The Origins of the Philosophy of Symbolic Forms: Kant, Hegel, and Cassirer

The Origins of the Philosophy of Symbolic Forms: Kant, Hegel, and Cassirer

by Donald Phillip Verene


Eligible for FREE SHIPPING
  • Want it by Wednesday, October 24  Order now and choose Expedited Shipping during checkout.


The Origins of the Philosophy of Symbolic Forms: Kant, Hegel, and Cassirer by Donald Phillip Verene

The Origins of the Philosophy of Symbolic Forms marks the culmination of Donald Phillip Verene’s work on Ernst Cassirer and heralds a major step forward in the critical work on the twentieth-century philosopher. Verene argues that Cassirer’s philosophy of symbolic forms cannot be understood apart from a dialectic between the Kantian and Hegelian philosophy that lies within it. 

Verene takes as his departure point that Cassirer never wishes to argue Kant over Hegel. Instead he takes from each what he needs, realizing that philosophical idealism itself did not stop with Kant but developed to Hegel, and that much of what remains problematic in Kantian philosophy finds particular solutions in Hegel’s philosophy. Cassirer never replaces transcendental reflection with dialectical speculation, but he does transfer dialectic from a logic of illusion, that is, the form of thinking beyond experience as Kant conceives it in the Critique of Pure Reason, to a logic of consciousness as Hegel employs it in the Phenomenology of Spirit. Cassirer rejects Kant’s thing-in-itself but he also rejects Hegel’s Absolute as well as Hegel’s conception of Aufhebung. Kant and Hegel remain the two main characters on his stage, but they are accompanied by a large secondary cast, with Goethe in the foreground. Cassirer not only contributes to Goethe scholarship, but in Goethe he finds crucial language to communicate his assertions. Verene introduces us to the originality of Cassirer’s philosophy so that we may find access to the riches it contains.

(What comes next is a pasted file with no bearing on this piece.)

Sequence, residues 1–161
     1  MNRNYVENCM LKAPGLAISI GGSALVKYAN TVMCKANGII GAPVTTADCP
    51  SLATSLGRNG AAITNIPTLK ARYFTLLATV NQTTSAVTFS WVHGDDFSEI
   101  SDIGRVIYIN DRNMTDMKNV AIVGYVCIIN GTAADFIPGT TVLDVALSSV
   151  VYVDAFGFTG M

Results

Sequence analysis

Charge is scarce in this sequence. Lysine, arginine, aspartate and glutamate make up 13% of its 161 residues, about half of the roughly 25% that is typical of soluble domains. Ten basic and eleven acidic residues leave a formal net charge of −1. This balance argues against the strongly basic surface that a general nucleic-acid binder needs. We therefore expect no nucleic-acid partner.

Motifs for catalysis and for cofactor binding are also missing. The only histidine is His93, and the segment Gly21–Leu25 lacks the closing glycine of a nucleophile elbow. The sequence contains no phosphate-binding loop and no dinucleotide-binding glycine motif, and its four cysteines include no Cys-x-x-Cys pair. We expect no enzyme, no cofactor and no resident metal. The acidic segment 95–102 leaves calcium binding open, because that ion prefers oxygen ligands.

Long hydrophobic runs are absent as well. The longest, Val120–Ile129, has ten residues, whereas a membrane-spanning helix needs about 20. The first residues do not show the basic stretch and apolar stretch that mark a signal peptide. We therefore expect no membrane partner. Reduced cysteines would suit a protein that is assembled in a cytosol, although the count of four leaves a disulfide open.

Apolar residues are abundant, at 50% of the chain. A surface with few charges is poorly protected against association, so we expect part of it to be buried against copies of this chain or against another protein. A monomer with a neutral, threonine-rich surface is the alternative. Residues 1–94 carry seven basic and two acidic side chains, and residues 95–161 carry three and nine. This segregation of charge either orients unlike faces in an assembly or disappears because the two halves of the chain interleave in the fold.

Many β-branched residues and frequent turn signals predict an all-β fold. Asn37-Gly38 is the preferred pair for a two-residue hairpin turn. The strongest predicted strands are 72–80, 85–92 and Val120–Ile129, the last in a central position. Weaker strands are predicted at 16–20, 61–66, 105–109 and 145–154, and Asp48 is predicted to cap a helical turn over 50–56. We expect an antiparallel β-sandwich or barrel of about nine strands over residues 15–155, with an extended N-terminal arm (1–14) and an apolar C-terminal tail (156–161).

Product Details

ISBN-13: 9780810127784
Publisher: Northwestern University Press
Publication date: 12/30/2011
Series: Topics in Historical Philosophy
Pages: 168
Product dimensions: 6.00(w) x 9.10(h) x 0.90(d)

About the Author

Donald Phillip Verene is Charles Howard Candler Professor of Metaphysics and Moral Philosophy and director of the Institute for Vico Studies at Emory University.

Read an Excerpt


Kant, Hegel, and Cassirer


Copyright © 2011 Donald Phillip Verene
All right reserved.

ISBN: 978-0-8101-2778-4

Chapter One